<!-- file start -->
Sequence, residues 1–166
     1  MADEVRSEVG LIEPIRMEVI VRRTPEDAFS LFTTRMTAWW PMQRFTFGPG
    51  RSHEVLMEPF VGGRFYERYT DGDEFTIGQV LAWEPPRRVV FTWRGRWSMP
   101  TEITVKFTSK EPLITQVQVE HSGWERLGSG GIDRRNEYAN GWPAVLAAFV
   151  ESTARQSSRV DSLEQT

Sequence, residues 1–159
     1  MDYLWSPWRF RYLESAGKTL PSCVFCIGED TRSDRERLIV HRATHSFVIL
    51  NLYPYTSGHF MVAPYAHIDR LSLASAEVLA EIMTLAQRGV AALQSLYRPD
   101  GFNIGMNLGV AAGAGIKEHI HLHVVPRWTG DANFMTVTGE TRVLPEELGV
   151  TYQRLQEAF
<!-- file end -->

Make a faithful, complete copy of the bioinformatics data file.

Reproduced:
Sequence, residues 1–166
     1  MADEVRSEVG LIEPIRMEVI VRRTPEDAFS LFTTRMTAWW PMQRFTFGPG
    51  RSHEVLMEPF VGGRFYERYT DGDEFTIGQV LAWEPPRRVV FTWRGRWSMP
   101  TEITVKFTSK EPLITQVQVE HSGWERLGSG GIDRRNEYAN GWPAVLAAFV
   151  ESTARQSSRV DSLEQT

Sequence, residues 1–159
     1  MDYLWSPWRF RYLESAGKTL PSCVFCIGED TRSDRERLIV HRATHSFVIL
    51  NLYPYTSGHF MVAPYAHIDR LSLASAEVLA EIMTLAQRGV AALQSLYRPD
   101  GFNIGMNLGV AAGAGIKEHI HLHVVPRWTG DANFMTVTGE TRVLPEELGV
   151  TYQRLQEAF